Also, "separate schemas" or "separate databases" are 2 different concepts. Data that needs to be transactionally and referentially consistent needs to be in the same database. See One Database or Ten? blog article for more.Bonus link to this fine article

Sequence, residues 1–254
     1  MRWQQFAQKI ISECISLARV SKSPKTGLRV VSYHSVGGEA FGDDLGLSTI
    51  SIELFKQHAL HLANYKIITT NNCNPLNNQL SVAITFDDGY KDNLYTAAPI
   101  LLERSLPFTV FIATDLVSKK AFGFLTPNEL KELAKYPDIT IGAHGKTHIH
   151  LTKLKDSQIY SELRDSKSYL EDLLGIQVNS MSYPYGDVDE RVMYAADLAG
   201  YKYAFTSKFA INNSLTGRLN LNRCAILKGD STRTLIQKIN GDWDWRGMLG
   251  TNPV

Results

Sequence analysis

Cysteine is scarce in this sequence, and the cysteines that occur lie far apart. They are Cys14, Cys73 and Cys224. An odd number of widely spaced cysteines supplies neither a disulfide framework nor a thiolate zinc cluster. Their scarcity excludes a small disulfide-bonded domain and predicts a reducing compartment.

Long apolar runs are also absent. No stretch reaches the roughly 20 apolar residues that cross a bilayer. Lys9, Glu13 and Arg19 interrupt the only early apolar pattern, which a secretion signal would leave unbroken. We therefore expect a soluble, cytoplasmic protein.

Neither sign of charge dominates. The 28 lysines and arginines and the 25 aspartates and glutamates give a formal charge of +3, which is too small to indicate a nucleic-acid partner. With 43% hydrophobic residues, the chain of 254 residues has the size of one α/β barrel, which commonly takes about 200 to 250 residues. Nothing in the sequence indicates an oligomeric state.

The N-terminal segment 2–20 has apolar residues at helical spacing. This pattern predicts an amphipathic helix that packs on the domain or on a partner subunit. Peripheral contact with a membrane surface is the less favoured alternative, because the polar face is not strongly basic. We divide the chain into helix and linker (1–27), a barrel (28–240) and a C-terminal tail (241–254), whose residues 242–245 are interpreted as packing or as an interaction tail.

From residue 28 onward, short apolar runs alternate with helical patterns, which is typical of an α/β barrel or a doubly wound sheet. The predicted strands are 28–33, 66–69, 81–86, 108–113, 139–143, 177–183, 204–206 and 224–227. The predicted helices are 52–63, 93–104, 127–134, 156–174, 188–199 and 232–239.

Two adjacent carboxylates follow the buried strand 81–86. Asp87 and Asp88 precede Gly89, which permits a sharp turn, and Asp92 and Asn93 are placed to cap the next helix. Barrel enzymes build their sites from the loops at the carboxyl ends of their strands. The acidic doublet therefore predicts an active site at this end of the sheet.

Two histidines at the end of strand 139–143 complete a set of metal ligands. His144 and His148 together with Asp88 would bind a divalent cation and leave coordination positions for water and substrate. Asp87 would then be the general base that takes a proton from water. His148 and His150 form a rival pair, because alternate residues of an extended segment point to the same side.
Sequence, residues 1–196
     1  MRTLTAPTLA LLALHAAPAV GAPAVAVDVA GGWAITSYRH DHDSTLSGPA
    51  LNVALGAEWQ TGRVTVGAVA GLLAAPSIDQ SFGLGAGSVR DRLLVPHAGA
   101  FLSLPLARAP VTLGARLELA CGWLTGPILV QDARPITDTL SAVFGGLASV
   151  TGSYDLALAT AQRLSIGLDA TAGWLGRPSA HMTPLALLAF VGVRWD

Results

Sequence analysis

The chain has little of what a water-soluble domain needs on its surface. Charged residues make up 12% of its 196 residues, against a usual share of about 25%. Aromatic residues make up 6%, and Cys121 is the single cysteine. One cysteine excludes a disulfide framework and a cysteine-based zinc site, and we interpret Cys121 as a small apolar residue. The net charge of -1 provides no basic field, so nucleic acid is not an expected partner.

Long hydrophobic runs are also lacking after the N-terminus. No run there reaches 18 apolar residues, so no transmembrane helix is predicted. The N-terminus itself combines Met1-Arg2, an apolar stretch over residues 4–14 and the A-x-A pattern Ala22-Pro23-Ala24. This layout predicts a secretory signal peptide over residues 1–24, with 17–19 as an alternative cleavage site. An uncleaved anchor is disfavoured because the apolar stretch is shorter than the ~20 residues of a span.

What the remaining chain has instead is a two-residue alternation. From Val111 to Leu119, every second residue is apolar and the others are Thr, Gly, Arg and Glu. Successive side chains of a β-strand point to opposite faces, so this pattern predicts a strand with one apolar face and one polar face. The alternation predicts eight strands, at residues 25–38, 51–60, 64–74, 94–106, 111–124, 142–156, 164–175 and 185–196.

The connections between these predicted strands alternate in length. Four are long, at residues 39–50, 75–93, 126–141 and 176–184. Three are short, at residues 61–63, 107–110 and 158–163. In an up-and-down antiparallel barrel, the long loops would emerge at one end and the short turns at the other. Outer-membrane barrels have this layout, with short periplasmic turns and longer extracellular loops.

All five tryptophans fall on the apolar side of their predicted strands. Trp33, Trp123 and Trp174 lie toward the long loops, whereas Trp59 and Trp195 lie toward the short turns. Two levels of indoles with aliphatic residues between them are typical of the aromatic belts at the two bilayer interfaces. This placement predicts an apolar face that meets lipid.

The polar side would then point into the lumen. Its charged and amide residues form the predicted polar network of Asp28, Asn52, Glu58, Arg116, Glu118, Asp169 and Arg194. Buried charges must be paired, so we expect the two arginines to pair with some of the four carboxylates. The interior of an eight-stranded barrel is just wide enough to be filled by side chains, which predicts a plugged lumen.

The most important idea about the log is this: the only way to get a transactionally consistent set of data over time is to have either just one stream of journal (log records) for the data, or to have multiple streams of journal that are robustly tied together, lock step. Because each database in SQL Server has its own, independent log file, the first situation is simple to implement – just use one database – while the second is very, very difficult. Splitting data into more than one database implies multiple log files, which in turn implies an independent log sequence. Having separate transaction log sequences means that, while it’s initially possible to perform a transaction across the two databases consistently and correctly, there’s very little guarantee after that transaction, in the space of backup and restore or disaster recovery, especially out in the real world.So if you want transactions to work, everything needs to live in one database. Easy as pie.